Editorials

Fort Worth tourism is big, could be bigger

THE EDITORIAL BOARD

The Fort Worth Convention Center’s round arena section at 9th and Main streets downtown was built in 1968.
The Fort Worth Convention Center’s round arena section at 9th and Main streets downtown was built in 1968. Star-Telegram

Clearly, the time to tear down the old “flying saucer” arena portion of the downtown Fort Worth Convention Center and replace it with flexible meeting and event space — and build a new 1,000-room convention center hotel nearby — was years ago.

Bob Jameson, president and chief executive of the Fort Worth Convention & Visitors Bureau, told the organization’s annual meeting Wednesday that the city has missed out on $190 million worth of convention business because those facilities are inadequate.

“Demand is high,” Jameson said. “We have to keep our sights set.”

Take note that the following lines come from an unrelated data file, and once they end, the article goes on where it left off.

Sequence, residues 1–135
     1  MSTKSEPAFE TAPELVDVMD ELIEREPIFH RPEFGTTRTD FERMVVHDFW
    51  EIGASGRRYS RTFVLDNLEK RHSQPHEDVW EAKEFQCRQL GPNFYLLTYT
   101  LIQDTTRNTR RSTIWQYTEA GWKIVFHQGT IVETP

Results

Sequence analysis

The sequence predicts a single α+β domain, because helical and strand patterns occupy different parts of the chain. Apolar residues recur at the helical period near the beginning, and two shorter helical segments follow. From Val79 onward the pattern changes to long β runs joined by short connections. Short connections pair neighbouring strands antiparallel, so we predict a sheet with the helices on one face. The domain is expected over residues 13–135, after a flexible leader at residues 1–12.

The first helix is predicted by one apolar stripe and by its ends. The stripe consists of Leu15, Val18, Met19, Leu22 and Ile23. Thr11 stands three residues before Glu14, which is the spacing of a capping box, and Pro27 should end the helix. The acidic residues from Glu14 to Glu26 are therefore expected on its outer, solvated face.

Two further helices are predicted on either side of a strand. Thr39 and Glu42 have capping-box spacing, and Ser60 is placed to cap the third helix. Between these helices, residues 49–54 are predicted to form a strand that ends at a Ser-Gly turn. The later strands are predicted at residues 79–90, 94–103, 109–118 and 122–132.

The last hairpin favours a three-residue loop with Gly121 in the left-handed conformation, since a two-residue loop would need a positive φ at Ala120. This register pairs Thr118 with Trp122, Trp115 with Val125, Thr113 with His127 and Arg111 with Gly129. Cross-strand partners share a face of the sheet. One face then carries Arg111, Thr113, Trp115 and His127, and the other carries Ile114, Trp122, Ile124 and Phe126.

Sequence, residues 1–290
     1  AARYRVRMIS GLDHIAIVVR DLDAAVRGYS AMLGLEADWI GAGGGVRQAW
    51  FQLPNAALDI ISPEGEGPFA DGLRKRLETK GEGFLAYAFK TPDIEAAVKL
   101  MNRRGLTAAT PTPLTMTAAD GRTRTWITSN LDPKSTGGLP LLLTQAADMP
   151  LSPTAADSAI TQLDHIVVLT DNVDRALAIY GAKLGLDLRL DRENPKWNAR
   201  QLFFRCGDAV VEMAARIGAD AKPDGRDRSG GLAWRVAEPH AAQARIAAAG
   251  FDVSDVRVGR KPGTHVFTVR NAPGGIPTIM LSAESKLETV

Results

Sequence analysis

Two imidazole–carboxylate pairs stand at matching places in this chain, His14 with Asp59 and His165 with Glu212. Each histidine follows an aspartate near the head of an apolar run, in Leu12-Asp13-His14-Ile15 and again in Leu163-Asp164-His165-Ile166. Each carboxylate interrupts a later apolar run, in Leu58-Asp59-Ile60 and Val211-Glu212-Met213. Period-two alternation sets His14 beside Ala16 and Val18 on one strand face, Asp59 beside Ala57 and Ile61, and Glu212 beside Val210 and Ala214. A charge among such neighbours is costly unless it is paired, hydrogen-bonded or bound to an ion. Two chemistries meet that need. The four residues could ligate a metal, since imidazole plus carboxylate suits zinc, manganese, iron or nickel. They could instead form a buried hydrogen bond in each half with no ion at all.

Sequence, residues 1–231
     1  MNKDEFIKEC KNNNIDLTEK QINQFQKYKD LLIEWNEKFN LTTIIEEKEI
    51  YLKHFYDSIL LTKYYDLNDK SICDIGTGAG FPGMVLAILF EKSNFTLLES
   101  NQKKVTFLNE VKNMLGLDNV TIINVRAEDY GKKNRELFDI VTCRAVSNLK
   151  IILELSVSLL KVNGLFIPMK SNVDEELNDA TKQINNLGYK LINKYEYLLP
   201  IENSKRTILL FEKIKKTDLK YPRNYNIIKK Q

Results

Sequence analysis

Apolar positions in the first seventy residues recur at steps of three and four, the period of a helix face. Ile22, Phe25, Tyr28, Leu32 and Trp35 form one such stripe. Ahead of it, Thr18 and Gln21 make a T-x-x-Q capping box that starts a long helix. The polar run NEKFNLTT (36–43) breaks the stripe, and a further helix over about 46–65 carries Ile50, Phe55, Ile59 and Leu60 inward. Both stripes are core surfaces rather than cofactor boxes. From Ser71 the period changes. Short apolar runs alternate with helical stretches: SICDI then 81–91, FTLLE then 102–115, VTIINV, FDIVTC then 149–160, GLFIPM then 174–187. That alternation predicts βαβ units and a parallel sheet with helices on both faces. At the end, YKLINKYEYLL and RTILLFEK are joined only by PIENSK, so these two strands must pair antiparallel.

But that’s the glass-half-empty side of the story. The glass-half-full side is spectacular.

Jameson told about 750 people at the event that 8.8 million visitors came to Fort Worth last year, up 35 percent from 6.5 million in 2014. Visitor spending had an $2.3 billion economic impact last year.

People in Fort Worth know that convention and tourism business is very important for the city. We know the Stockyards and the Cultural District museums and events like the Stock Show are a terrific draw, and they put money in Fort Worth pockets.

Still, as Jameson said, “We have to keep our sights set.”

The target ahead of us includes replacing the downtown arena and building another convention hotel as soon as possible.

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